“All the wives offer – understood as a loan – handkerchiefs, shawls, scarves, petticoats and linens of every color, pots of basil, lemon verbona, mint and rue, mirrors and baubles, and last but not least a great tub full of water. The surroundings are decorated in this way, and when everything is ready the victim of the bite, dressed in gaudy colors, chooses as she pleases ribbons, handkerchiefs and shoes that remind her of the colors of the tarantula and she adorns herself with them while waiting for the musicians.” (Anna Caggiano, Folklore Italiano 6.72ff)

Then suddenly I got really dizzy (to the point where I almost fell off the log I’d been resting against!) and experienced nympholepsy, seizure by the nymphs. It was very brief and mild, as if they just brushed against my consciousness, causing the world to dissolve into moisture. Then I was back to myself and thinking about John the Baptist. Did he know the nymphs of the river Jordan, the spirits of the Judaean wilderness? Certainly he spent much time among them, dressed in the skins of beasts, living in caves and eating only honey. And was he not filled with inspired frenzy when he proclaimed the coming of the triumphant king crowned with vines and dispensing wine on the back of an ass? And again when he said,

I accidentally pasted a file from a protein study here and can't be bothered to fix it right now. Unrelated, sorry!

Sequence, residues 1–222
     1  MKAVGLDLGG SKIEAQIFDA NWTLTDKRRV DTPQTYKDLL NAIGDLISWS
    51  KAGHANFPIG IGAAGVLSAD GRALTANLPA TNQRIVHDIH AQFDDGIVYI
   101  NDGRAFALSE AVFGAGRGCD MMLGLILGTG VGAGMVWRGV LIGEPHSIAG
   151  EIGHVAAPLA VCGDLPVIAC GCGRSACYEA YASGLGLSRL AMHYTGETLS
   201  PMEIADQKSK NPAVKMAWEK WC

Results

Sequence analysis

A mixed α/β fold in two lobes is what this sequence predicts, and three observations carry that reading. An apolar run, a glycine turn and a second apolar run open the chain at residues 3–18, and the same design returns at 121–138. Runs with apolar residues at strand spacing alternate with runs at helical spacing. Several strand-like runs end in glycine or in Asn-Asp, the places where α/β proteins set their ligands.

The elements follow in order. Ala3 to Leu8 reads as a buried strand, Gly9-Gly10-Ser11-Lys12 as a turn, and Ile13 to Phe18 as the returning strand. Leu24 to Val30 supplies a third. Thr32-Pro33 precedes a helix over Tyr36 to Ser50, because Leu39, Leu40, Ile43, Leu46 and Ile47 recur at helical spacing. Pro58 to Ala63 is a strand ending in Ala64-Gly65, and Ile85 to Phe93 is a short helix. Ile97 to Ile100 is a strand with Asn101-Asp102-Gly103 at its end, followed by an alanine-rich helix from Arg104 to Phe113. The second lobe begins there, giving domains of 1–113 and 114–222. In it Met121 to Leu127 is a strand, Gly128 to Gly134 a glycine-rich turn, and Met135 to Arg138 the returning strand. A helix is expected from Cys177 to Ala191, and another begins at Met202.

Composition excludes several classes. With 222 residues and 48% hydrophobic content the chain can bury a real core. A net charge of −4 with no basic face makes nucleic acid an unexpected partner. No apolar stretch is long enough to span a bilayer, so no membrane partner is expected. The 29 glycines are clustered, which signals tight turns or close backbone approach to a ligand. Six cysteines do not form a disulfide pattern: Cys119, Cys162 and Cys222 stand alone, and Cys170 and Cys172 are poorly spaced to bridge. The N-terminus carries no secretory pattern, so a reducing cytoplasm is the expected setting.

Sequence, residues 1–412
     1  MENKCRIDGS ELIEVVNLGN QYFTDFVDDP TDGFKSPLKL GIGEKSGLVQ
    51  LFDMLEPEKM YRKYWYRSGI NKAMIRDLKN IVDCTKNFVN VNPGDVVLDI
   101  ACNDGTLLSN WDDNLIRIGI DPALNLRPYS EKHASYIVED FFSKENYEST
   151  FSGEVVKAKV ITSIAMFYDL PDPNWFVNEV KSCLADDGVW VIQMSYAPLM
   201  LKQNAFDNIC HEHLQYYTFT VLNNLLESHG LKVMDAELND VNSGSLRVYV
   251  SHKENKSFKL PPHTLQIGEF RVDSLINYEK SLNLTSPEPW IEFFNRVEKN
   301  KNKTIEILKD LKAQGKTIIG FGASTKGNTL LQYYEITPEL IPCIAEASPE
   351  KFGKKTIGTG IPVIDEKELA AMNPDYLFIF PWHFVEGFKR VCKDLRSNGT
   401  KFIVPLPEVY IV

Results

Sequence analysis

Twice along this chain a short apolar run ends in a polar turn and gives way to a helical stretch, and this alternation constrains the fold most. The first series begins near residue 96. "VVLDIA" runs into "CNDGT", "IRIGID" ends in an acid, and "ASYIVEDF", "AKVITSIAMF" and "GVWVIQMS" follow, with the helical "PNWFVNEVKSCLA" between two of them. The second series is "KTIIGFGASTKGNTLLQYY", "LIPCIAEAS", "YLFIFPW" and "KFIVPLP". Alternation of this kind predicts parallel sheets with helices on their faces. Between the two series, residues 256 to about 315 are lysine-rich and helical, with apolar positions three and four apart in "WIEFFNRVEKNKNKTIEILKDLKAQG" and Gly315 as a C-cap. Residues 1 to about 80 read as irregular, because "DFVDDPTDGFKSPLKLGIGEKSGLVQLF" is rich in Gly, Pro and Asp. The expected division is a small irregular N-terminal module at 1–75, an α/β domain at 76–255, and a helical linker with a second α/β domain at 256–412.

No one can receive anything except what has been given from heaven. You yourselves are my witnesses that I said, “I am not the anointed, but I have been sent ahead of him.” He who has the bride is the bridegroom. The friend of the bridegroom, who stands and hears him, rejoices greatly at the bridegroom’s voice. For this reason my joy has been fulfilled. He must increase, but I must decrease.” (John 3:27-30)

I ask you: who could all this be referring to but Dionysos, lord of the nymphs? Renaissance artists certainly felt John had something to do with Dionysos. And that’s not even taking into consideration the whole decollation business.